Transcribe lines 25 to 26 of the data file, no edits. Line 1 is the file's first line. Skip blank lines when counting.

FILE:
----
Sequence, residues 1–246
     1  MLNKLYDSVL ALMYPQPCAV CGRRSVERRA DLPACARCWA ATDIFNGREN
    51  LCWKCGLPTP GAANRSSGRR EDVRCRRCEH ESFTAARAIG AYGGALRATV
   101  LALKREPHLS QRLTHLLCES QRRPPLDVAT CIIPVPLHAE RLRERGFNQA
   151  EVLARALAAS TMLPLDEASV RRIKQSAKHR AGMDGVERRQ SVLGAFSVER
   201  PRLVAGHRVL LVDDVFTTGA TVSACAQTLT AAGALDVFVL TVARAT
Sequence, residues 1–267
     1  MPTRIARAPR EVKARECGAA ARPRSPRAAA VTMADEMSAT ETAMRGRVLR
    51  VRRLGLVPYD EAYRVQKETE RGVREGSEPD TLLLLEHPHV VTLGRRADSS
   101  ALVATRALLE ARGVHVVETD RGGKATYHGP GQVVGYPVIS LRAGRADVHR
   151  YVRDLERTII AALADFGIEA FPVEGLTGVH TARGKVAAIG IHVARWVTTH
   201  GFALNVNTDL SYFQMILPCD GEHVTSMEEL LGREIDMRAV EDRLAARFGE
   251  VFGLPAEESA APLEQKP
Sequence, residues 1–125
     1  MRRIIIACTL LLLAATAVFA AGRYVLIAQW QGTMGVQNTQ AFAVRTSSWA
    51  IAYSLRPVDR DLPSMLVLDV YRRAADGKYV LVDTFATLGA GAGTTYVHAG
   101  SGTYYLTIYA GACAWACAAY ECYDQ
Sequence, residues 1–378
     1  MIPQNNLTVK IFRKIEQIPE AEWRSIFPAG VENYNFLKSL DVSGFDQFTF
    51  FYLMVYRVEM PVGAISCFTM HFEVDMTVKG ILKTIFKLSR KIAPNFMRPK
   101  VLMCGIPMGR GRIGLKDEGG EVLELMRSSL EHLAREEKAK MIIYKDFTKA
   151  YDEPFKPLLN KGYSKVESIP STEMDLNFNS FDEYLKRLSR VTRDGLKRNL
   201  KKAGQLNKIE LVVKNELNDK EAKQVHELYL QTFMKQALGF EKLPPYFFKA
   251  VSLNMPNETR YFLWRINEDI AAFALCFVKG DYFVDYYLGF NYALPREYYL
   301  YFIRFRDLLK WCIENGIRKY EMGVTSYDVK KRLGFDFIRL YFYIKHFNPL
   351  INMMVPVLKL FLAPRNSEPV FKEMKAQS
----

   301  YFIRFRDLLK WCIENGIRKY EMGVTSYDVK KRLGFDFIRL YFYIKHFNPL
   351  INMMVPVLKL FLAPRNSEPV FKEMKAQS